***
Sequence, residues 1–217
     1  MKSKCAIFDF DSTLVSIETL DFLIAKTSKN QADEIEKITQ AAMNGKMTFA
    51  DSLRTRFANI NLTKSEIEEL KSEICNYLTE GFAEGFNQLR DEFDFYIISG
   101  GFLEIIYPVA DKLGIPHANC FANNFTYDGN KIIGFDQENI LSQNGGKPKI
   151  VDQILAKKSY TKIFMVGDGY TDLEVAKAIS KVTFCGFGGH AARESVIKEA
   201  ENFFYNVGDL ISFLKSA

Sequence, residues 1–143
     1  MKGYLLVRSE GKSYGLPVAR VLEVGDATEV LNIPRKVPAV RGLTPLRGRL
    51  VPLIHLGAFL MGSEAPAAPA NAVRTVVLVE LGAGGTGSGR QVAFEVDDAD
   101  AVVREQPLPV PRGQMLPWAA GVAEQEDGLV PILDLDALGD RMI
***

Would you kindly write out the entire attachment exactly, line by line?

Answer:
Sequence, residues 1–217
     1  MKSKCAIFDF DSTLVSIETL DFLIAKTSKN QADEIEKITQ AAMNGKMTFA
    51  DSLRTRFANI NLTKSEIEEL KSEICNYLTE GFAEGFNQLR DEFDFYIISG
   101  GFLEIIYPVA DKLGIPHANC FANNFTYDGN KIIGFDQENI LSQNGGKPKI
   151  VDQILAKKSY TKIFMVGDGY TDLEVAKAIS KVTFCGFGGH AARESVIKEA
   201  ENFFYNVGDL ISFLKSA

Sequence, residues 1–143
     1  MKGYLLVRSE GKSYGLPVAR VLEVGDATEV LNIPRKVPAV RGLTPLRGRL
    51  VPLIHLGAFL MGSEAPAAPA NAVRTVVLVE LGAGGTGSGR QVAFEVDDAD
   101  AVVREQPLPV PRGQMLPWAA GVAEQEDGLV PILDLDALGD RMI